I just love a good roller coaster. Turn me upside down and shake me and I am a happy camper. I would have called myself an ‘aficionado’, but then I found out that I fall far short of achieving that title.
My friend Alex disavowed me of that notion real quick. Alex is the real deal. He can spout heights of the tallest peaks on the twenty highest coasters in the world. He can name the top speeds achieved by each kind of propulsion system and refers to coasters as classified by their builders. It turns out I am only a mere ‘fan’.
Apparently, when it comes to the world of “Coaster Enthusiasts” – as they like to be called – I have another problem. My rankings of the ‘scariest’ coasters are way off from everyone else’s.
Here are my rankings of the three scariest amusement park rides ever.
(If you want real ‘Aficionado’ rankings check out ThemeParkReview.com)
#3 – Tatsu. Magic Mountain. LA.
Don’t get me wrong, being scary doesn’t keep me off this ride. I love Tatsu, but there’s something about the restraint system . . . okay, here’s exactly what it is: though you initially sit on a bicycle type seat with a pull-down shoulder bar AND ankle clasps, you are immediately swung backwards so that the coaster tracks are behind your spine. It’s not that you can’t see the tracks (or where you are headed) 90% of the time, that gets me. What creeps me out is that you are consistently being thrown against the restraint system.
In a normal coaster, the seatbelt is a reasonably redundant system. The majority of forces push you down into your seat and the coaster works with physics rather than against it. I think Tatsu pushes you into your seat only once. The majority of the time you are thrown against the shoulder restraints. Which means the majority of the time on this ride, I am praying that my seatbelt holds and planning how to best stay attached to the car against multi-G forces should that restraint system fail. While I ride, I recite statistics that remind me that riding a coaster is safer than riding in a car or an airplane. It’s safer even than walking away from Tatsu and down the hill at Magic Mountain.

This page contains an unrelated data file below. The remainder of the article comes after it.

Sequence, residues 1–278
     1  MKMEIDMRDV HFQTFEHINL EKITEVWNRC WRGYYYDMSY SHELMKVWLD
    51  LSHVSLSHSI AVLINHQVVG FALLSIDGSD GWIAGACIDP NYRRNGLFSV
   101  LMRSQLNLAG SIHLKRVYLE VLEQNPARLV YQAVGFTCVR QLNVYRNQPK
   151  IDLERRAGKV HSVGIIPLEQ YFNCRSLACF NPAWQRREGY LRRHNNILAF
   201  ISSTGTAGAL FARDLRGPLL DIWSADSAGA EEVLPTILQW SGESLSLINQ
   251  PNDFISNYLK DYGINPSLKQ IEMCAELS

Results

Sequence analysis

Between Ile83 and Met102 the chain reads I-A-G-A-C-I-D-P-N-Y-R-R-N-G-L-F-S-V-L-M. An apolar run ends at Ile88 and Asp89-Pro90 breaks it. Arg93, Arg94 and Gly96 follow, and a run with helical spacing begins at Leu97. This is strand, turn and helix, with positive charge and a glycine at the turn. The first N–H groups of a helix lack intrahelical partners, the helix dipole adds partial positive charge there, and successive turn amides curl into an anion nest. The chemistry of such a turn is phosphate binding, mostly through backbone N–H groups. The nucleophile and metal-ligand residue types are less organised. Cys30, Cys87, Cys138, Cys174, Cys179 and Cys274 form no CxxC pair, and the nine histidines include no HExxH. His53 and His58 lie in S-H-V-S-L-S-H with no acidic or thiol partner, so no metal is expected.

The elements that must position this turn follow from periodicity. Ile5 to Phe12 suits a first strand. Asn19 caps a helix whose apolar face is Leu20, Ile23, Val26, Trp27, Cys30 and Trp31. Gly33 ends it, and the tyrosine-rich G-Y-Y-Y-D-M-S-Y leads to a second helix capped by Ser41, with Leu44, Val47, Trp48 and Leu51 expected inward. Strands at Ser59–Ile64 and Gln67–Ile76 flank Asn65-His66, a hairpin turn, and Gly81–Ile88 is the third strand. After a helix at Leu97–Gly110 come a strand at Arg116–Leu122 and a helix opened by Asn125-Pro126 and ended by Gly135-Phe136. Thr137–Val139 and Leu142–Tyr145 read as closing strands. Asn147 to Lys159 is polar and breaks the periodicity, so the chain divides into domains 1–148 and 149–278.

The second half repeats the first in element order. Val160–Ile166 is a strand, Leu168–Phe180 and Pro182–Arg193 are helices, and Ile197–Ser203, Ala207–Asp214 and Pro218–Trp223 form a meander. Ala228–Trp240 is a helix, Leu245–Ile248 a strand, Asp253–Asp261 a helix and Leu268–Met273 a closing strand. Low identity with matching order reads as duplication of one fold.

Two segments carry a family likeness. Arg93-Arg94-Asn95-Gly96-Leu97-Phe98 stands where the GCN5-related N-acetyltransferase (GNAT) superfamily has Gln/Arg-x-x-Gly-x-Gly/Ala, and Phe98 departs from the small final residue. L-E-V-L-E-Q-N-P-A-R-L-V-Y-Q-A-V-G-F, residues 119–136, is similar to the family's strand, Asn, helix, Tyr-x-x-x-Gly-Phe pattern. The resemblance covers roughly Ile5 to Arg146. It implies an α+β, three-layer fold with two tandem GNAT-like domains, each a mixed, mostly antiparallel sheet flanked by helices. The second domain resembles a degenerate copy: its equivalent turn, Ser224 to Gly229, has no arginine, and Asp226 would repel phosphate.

Yes, Tatsu gets my heart going.
#2 – The Scrambler. Location unknown. Dreams still haunting.
Just about every park has a Scrambler. It’s a flat ride with three arms and cars that spin around each other and a central anchor. I like the Scrambler; it doesn’t even make me want to barf. But this particular Scrambler disturbed me no end.
While waiting in line, I watched the people in front of me spin round and round. But what I saw was that the cars were out of alignment. See, in a normal Scrambler the same cars pass each other at the same point in the turn each time around. Yes, check it out next time, this ride is a mathematical thing of beauty – except when it’s not.
This time the cars passed different cars each time around and the arms rotated at different speeds. I asked Alex, who was with us that day, if the arms ever disengaged and swung on their own momentum. Alex said ‘no’. I got out of line. I will not ride on that. Ever. I waited all day for the park sirens to go off because one of the Scrambler arms broke free and went rogue. It didn’t happen. But next time you’re at a Scrambler, look at the people in the line, I’m the one checking the mathematical alignment before I ride.
#1 – Silver Bullet. Knott’s Berry Farm. Anaheim. In the rain.
It’s not that the Silver Bullet is scary. It’s not. For coaster junkies it’s the equivalent of a bassinet and a lullaby. That is one smooth coaster. This is what made it scary that day:
It had been raining. And lightninging (that’s a word, right?) The Bullet had been closed for an hour, but the lightning had stopped and things had started to dry out. The coaster team opened the doors again. Alex and I were first in line. In fact, we were the only ones in line.
The coaster crew ran a blank (unmanned) car in front of us. Then they strapped us into the front two seats of the next car. The problems begin here: The crew was talking to each other. As there were only two guests in the ride, there wasn’t a lot for them to do. I felt they were a little lax in checking our restraints – I don’t think any of them ever looked directly at either of us. Also, the first ‘test’ car had not come back when we were launched. So, though a test had been run for safety, we were sent out before positive results were obtained. Alex laughed at me.
Then, just as the doors opened and our car began the ride, it started to rain again. Already in motion, we were committed. I realized that if the first car didn’t come back, we were toast. Also, what if Alex and I just disappeared? No one had paid us enough attention to remember to look for us if our car came back empty! Or even not at all.
Though I know the aficionados will disagree with me, and I know they will call me ‘wuss’ til my dying day, that was the scariest coaster ride ever.
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